Can you confirm that, with stick neutral in the descent phase, Pitch Alt law would still have provided substantial up-elevator (i.e., a minus dq)? Any idea how much forward stick would have been required to neutralise the elevator? I also wonder how much down-elevator could have been achieved by full forward stick, and if that might have been enough to stall the THS.

You make a particularly significant point when you state that, elevator authority being two-thirds as much as THS, stopping the THS running beyond (say) minus-3 would probably not have made any difference until the AoA reached +35.
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Old 26th Aug 2011, 11:56
  #458 (permalink)  
 
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'Locked' THS

Bear, you lost me. The "locked" descriptive seems not to mesh with the design feature that leaves open control of the THS, to move up or down, via the trim wheels regardless of elevator position or AoA. (If that isn't the case, it means my understanding is deficient).
I believe that Lyman was trying to say somewhat less than concisely, was that with the aircraft established in the stall and dropping at over 100 kts, that the g could have been less than .75g leading to the THS software logic locking in position.

or to put it another way

If the software driving the THS uses g sensimg
and moves the THS with the intent of maintaining 1 g then
0.9 g would be enough for the software to continue commanding full NU.
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Old 26th Aug 2011, 11:59
  #459 (permalink)  
 
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airtren, "Being disruptive once, or twice, to gain attention is perhaps enough."

Me, "Perhaps a two day old pizza across the face is needed in some cases where there is a persistent lack of attention."

You need to be persistent until a randomly chosen acknowledgement is performed. Then you know you have their attention, however briefly.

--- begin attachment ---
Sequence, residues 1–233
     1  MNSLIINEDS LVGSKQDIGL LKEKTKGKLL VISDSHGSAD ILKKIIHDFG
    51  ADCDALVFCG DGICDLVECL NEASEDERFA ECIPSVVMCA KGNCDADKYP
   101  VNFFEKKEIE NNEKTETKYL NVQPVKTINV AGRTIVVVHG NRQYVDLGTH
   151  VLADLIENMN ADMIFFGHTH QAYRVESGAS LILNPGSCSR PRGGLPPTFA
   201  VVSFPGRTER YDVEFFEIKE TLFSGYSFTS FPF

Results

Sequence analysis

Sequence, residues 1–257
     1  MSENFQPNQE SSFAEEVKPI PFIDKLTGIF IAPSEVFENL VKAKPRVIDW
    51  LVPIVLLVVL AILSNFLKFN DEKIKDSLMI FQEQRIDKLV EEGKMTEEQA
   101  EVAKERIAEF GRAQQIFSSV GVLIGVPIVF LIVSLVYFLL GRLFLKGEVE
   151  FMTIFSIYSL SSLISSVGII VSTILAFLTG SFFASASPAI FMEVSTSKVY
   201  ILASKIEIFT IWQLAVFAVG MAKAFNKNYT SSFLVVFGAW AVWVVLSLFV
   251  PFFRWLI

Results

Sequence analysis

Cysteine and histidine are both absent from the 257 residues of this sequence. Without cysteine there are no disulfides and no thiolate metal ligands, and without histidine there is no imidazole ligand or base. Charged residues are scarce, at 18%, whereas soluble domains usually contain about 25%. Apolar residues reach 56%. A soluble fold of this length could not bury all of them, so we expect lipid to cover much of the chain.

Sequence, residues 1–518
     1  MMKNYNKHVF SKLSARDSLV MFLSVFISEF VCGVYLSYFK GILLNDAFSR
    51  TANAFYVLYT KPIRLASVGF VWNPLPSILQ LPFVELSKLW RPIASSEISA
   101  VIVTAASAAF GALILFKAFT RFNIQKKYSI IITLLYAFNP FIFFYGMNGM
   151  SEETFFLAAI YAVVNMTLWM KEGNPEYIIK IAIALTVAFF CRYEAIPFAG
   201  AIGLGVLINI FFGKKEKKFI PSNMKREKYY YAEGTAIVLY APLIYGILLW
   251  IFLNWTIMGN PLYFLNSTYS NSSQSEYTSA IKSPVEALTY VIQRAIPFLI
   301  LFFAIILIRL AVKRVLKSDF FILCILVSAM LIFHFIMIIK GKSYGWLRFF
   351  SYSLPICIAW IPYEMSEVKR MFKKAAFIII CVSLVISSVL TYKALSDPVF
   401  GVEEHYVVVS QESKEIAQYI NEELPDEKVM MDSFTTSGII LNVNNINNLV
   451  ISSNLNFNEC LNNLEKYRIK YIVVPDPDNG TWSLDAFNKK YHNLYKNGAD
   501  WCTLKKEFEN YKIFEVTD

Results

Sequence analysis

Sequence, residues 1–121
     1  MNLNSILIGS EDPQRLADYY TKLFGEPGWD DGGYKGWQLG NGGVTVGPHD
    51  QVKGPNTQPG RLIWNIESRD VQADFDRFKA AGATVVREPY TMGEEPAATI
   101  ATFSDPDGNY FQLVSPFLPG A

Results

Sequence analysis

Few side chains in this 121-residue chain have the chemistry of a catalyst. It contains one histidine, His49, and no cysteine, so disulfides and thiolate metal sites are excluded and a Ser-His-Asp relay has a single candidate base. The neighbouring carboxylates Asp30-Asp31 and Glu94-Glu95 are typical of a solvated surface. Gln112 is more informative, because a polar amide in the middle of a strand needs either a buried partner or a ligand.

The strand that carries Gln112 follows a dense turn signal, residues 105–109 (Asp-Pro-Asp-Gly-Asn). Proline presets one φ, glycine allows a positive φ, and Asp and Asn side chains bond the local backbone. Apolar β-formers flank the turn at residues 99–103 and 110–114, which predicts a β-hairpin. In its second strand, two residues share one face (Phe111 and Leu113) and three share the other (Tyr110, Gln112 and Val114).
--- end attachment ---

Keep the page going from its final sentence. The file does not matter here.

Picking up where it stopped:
The object is not to avoid distraction. Sometimes one must distract the over focused attention of people ignoring warnings.
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Old 26th Aug 2011, 12:08
  #460 (permalink)  
 
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Quote:
THS AOA is just the body AOA less downwash and THS setting.
Should that read "... body AoA LESS downwash PLUS the THS setting? (Given that the THS angle is negative.)
Yes, sorry for any confusion.

Is the 0.4 multiplied by the degrees AoA?
Again yes.

Can you confirm that, with stick neutral in the descent phase, Pitch Alt law would still have provided substantial up-elevator (i.e., a minus dq)? Any idea how much forward stick would have been required to neutralise the elevator? I also wonder how much down-elevator could have been achieved by full forward stick, and if that might have been enough to stall the THS.
I think so. As I understand it, with neutral stick the system would have tried to maintain the 'g' present at the time the stick was neutralised, on the assumption that the pilot was satisfied with the situation at that time. Trouble is that there were periods of time (02:11:06 to 02:12:06 for example) where the 'g' was less than 1.0 but quite a lot of up elevator was being applied (and presumably needed). Since stick movement even in Alternate is a 'g' command not a direct elevator command I don't see how to easily translate that into how much stick would neutralise the elevator. Given though that even in the worst case that the THS AOA was only 9 or 10 deg I don't think that full down elevator would have stalled the THS.

You make a particularly significant point when you state that, elevator authority being two-thirds as much as THS, stopping the THS running beyond (say) minus-3 would probably not have made any difference until the AoA reached +35.
I didn't think I said that in quite that way, but yes, I agree
Owain Glyndwr is offline